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In the reign of Vespasian occurred such a rebellion, followed by so remarkable an instance of womanly devotion that it has since enlisted the sympathy of the world.

But the most conspicuous of the ancient remains in this quarter, and the first to attract the notice of every visitor, is the Ionic portico of eight columns, called at first the Temple of Jupiter, and then of Vespasian, but now definitely determined to be the Temple of Saturn, for it is closely connected with the Ærarium, and the Ærarium is said by several ancient authors to have led into the podium of the temple by a doorway in its wall still visible.

Glaukias, the sculptor, who had already fled, was Heron's tenant. His work-room, a barn-like structure, stood in the little vegetable-garden which the gem-cutter had inherited from his father-in-law, and none but Heron and the slave knew that, under the flooring, instead of a cellar, there was a vast reservoir connected with the ancient aqueducts constructed by Vespasian.

Hume has chosen to confront the miracles of the New Testament, and which, therefore, we are entitled to regard as the strongest which the history of the world could supply to the inquiries of a very acute and learned adversary, are the three following: I. The cure of a blind and of a lame man of Alexandria, by the emperor Vespasian, as related by Tacitus;

The root of the herb was concealed in a ring, which was applied to the nostrils of the demoniac; and Josephus remarks that he saw himself a Jewish priest practise the art of Solomon with complete success in the presence of the Emperor Vespasian, his sons and the tribunes of the Roman army.

The comet of 79 A.D. is interesting as having given rise to a happy retort from Vespasian, whose death the comet was held to portend. Seeing some of his courtiers whispering about the comet, 'That hairy star, he said, 'does not portend evil to me. It menaces rather the king of the Parthians. He is a hairy man, but I am bald. Anna Comnena goes even beyond Josephus.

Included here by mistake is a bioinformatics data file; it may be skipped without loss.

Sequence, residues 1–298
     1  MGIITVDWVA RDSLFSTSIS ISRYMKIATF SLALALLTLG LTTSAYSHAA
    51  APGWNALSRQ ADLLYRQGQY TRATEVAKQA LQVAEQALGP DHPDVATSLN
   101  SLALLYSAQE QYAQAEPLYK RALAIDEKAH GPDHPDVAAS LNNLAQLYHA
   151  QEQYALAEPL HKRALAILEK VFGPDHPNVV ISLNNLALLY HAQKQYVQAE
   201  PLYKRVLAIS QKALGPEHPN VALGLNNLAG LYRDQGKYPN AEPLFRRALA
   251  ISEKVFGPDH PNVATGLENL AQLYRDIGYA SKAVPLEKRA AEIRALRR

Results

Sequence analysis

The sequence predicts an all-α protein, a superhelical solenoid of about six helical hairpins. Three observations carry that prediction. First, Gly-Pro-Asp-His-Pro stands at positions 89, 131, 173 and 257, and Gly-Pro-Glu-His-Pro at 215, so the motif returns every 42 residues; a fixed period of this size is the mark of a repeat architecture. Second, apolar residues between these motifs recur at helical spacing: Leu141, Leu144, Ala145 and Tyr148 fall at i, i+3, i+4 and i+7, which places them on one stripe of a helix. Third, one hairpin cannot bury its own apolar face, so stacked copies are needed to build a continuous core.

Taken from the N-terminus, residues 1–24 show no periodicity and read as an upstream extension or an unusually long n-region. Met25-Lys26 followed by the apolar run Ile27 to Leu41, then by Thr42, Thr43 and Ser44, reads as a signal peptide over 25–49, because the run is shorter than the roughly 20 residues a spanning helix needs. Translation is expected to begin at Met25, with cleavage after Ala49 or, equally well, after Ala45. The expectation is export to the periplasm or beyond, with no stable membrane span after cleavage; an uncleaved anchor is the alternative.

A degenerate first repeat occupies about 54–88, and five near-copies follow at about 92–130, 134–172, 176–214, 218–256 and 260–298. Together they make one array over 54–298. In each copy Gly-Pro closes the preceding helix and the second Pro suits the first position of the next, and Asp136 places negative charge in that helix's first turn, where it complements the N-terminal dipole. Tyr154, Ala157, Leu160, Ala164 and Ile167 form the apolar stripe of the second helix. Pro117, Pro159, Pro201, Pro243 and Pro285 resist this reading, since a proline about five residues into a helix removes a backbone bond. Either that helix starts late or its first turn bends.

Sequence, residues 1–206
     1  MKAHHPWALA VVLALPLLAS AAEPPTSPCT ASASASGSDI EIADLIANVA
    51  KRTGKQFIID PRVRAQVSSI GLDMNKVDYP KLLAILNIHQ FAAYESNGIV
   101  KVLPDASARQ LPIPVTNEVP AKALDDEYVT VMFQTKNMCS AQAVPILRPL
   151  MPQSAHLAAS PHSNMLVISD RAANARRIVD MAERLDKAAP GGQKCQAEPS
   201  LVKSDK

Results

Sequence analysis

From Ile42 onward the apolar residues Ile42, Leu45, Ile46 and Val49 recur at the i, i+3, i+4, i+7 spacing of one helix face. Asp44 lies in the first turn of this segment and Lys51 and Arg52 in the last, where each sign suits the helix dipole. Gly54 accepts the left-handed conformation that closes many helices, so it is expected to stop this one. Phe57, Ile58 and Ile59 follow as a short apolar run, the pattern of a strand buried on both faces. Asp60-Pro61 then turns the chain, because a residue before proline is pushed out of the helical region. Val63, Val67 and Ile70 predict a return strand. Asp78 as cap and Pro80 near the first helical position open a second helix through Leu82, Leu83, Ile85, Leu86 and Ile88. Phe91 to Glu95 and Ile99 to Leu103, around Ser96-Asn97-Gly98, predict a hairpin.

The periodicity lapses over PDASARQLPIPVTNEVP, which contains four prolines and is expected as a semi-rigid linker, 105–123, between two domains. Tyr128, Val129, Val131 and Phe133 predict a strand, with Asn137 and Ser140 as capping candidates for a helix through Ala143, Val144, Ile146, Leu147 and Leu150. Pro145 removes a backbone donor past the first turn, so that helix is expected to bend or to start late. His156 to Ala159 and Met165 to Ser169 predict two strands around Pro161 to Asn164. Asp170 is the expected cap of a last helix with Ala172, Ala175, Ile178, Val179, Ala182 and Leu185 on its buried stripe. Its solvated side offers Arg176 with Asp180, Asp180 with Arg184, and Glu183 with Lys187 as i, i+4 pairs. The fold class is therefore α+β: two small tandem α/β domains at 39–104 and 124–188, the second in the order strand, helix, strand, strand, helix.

God also endowed him with skill in expelling demons, which is a science useful and health-giving to men." Yalkut, ii. 177. Josephus goes on to describe how, in the presence of Vespasian, a compatriot cured soldiers who were demoniacal.

There are many other passages in which Epictetus shows that the free-will of man is his noblest privilege, and that we should not "sell it for a trifle;" or, as Scripture still more sternly expresses it, should not "sell ourselves for nought." He relates, for instance, the complete failure of the Emperor Vespasian to induce Helvidius Priscus not to go to the Senate.

For a while Vespasian lived in constant expectation of some civil message inviting him to die. Finally it came, only he was invited to die at the head of an army which Nero had projected against seditious Jews. When he returned, leaving his son Titus to attend to Jerusalem, it was as emperor. Only a moment before Vitellius had been disposed of.

After the suicide of Nero and the brief reigns of Galba and Otho, the Roman world had breathed more freely for a time under the rough good humour of Vespasian and the philosophic virtue of Titus.

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